Those occurred during just two days at the reservation, Jan. 19 and 26. There were also another 31 live deer and 22 unborn deer killed in nearby Hilltop Reservation.
Hunters who take part in the program are allowed to keep a limited amount of the deer they hunt, with the remainder donated to the Community Food Bank of New Jersey. The program is done to reduce the deer population that can spread disease and cause accidents, with more than 200 deer carcasses found on county roads in 2016.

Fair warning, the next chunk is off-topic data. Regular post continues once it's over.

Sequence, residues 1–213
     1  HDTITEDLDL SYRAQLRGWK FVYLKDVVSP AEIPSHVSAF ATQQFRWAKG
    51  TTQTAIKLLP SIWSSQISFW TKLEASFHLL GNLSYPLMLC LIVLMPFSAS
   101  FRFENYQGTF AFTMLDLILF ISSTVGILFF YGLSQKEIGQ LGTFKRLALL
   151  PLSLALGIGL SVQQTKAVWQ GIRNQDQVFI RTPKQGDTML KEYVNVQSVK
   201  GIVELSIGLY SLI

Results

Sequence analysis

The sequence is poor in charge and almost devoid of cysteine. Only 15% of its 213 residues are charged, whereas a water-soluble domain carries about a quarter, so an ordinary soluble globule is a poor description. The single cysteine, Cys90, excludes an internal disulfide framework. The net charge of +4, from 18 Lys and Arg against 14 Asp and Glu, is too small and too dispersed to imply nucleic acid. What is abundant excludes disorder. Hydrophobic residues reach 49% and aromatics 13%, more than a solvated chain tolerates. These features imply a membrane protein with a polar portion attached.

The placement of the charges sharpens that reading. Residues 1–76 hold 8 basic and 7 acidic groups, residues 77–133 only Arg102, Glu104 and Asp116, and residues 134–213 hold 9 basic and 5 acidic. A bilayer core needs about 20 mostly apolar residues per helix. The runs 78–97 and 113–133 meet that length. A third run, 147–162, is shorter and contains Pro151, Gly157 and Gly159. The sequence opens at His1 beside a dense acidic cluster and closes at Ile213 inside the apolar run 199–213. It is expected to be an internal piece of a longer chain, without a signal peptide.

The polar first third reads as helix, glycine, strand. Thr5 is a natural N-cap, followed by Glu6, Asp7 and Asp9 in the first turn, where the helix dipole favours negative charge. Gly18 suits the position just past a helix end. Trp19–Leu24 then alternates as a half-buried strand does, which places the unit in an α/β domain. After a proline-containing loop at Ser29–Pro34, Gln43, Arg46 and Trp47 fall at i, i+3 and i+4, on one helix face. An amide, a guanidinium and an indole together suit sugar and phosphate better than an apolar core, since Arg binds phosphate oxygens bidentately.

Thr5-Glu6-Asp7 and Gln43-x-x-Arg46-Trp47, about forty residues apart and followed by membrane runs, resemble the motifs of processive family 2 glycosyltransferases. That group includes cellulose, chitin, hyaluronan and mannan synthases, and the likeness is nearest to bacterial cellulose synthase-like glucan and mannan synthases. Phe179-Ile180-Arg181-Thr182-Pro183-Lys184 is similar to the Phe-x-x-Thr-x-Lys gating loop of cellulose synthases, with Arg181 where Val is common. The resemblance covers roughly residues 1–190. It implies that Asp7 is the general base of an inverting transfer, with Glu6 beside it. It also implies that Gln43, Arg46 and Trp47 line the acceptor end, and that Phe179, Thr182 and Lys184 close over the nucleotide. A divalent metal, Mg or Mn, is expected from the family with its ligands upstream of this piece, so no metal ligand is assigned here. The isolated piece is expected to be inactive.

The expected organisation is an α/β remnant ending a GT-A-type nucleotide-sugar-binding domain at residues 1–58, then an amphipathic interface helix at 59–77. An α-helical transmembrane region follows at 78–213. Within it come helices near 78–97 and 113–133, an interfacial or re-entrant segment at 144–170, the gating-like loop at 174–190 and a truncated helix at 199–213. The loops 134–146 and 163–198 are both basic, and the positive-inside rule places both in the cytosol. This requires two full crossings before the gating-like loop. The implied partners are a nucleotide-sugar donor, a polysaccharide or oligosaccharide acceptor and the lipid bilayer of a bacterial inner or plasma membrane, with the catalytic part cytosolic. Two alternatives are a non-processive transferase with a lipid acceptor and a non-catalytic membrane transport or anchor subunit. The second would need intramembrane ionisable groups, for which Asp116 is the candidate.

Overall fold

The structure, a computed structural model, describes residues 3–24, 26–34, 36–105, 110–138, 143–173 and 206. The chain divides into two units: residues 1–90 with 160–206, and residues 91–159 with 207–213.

“Controlling the population by removing deer from South Mountain and Hilltop has proven to be very successful in helping to preserve the forest habitat and maintain our reservations as viable resources for recreation and open space. Each year, we have updated our program to address current conditions, reducing the number of days and transitioning into a ‘maintenance mode’ to maintain the population at a manageable level,” Essex County Executive Joseph DiVincenzo said in a statement. “This is just one facet of our comprehensive deer management program that also includes creating seed banks to accelerate the re-growth of the forests and installing reflectors and lights to enhance traffic safety by keeping deer from entering the roadway.”